An adventure RPG is interesting not because of the combat, but because of everything else. Combat is very important, and in many cases it is the cornerstone of the game... but the real joy of those games tends to be the adventure, not the individual fights. I'm always interested in getting a different feel out of my games, so I always wondered: can you make a game that focuses almost entirely on the fighting? A game that feels more like pro wrestling, or an old kung-fu movie, or a shonen fighting manga.
The core "problem" with this approach is that the fighting is highlighted to the extent that the adventure part suffers. Unlike an adventure RPG, the noncombat sections aren't really adventurous. It's rare for them to be about discovering what's over the next hill, or finding a hidden treasure, or saving a village. Instead, they use a variety of soap-opera interpersonal tactics combined with high stakes and emotional training sequences.
My question is: can you put that into your tabletop RPG instead of the adventure hooks?
One core piece is the fighting mechanics themselves. You can't use the same mechanistic approach other RPGs use, because the fights serve a much larger role. In a normal RPG, the fights are obstacles, and the character development/role playing usually happens outside of combat, during an adventure sequence. But in a combat game, much of the role playing and representation need to happen during the fight. Inside the fight.
Similarly, in an adventure RPG fighting is an obstacle is to wear the player characters down. Fights serve other purposes, too - pacing, foreshadowing, drama, plenty of other purposes... but the core mechanics are about attrition. It's pretty rare for combat to actually be life or death in an adventure RPG: most encounters are going to go the players' way, it's just a matter of how many resources they burn. And, of course, between combat they will often take actions to reduce the difficulty of the next fight - bar the doors, burn down the fortress, cast a sleep spell, whatever.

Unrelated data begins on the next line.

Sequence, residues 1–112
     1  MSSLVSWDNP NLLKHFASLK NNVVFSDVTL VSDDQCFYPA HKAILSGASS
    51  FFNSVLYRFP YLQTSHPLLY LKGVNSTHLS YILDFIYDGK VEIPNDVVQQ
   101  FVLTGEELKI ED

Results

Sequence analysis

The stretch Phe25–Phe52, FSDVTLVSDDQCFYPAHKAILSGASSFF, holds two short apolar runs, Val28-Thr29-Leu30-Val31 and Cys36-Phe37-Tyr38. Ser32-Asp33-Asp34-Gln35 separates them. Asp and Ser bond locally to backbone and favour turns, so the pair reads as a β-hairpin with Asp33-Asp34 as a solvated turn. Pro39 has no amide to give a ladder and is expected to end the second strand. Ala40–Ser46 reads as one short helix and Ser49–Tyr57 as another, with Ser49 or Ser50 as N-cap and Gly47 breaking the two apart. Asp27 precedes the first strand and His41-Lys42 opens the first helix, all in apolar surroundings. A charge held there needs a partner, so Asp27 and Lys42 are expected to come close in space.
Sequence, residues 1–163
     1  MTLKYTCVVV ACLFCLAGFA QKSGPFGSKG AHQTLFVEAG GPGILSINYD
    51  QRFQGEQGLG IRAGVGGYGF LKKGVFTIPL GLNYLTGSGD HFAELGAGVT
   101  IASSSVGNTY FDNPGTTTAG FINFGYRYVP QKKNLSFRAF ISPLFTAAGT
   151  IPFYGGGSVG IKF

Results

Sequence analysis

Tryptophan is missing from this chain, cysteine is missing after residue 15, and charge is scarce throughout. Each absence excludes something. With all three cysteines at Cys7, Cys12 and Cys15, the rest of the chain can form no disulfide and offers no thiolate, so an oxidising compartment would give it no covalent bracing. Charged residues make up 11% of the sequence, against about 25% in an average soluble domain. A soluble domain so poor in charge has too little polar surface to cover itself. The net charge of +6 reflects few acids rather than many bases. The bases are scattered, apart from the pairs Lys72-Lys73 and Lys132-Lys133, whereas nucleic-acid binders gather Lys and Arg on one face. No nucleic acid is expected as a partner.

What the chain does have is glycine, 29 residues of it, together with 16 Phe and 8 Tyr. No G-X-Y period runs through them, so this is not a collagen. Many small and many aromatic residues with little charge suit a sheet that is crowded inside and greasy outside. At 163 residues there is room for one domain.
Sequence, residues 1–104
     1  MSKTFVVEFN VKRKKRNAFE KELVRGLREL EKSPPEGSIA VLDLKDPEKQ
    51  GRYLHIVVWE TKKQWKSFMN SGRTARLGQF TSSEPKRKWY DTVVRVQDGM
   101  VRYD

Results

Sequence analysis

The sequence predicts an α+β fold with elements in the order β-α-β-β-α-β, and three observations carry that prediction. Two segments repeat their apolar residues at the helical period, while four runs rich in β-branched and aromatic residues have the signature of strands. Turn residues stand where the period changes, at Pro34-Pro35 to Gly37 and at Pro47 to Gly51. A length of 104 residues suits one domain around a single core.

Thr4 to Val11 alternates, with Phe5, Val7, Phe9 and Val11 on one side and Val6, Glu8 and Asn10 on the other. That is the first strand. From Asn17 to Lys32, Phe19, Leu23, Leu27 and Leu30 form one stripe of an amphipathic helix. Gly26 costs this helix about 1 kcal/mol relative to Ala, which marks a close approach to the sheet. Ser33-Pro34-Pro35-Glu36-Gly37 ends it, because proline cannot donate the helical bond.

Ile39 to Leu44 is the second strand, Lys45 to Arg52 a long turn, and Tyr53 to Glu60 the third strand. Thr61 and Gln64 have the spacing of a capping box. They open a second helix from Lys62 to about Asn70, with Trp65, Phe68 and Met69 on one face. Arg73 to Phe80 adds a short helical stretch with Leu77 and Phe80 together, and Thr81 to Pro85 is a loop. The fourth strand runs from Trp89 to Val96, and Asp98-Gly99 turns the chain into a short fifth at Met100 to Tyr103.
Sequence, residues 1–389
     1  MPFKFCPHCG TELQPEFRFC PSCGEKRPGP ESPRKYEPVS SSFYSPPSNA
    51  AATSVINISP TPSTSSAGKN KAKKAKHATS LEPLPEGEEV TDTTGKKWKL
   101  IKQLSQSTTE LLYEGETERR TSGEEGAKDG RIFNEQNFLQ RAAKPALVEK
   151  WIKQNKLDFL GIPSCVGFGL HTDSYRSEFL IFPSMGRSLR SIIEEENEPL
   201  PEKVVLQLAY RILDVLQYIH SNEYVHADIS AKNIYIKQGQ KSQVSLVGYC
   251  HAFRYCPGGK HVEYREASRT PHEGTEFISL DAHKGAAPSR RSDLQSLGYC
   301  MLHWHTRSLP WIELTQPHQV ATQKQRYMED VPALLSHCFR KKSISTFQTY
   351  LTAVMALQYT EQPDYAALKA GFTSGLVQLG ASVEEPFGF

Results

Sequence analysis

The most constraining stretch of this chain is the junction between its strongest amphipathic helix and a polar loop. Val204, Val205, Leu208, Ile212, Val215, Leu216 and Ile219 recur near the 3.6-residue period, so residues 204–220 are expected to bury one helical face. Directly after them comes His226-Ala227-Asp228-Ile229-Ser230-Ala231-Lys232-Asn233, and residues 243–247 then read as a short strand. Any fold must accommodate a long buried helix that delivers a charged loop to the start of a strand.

Fighting games can't do that. Or, rather, they have to do it DURING combat, somehow.
So the combat needs to be radically expanded.
The fundamental change is that combat needs to have pacing changes similar to the pacing changes you'd get from a dungeon crawl. Clashes followed by short reprieves. Times when you dominate, times when they dominate. Moments when you might be able to steal a few seconds to recover the feeling in your stinging fists - or would it be better to rush in so he doesn't have time to catch his breath?
There are a lot of possible mechanics to allow for that kind of clashing, but because simple is generally best, I think I would use a very basic "clash and away" system. Every clash lasts a certain number of rounds, then you get an "away" period where you recover, tag out, shuffle for position, or even just cut the away time short to try and get an edge in the first round of the clash.
The damage system would need to be adapted to have all the complexity of the normal RPG's full attrition system. That is, things like consumable items, powers, mana points, and health all need to be rolled into the combat system. Of course, they don't have to have the same justification or color - we just need the statistical backbone. So you would use up some resources during the clash, and try to damage the enemy not just in terms of health, but trying to deplete his resources or foil his resource-consuming attacks. It needs to be a battle of attrition, because that's the actual play of an RPG, and we're cramming it all into the fight.
There's lots of rules solutions for that, and it's largely a matter of what your fighting is. If you're doing a boxing game, you might use things like stamina, dizziness, leg-intactness... if you were doing a mystical kung-fu game, you might have things like chi and broken bones and righteousness. Of course, adding in the teamwork capabilities can make it even more complex.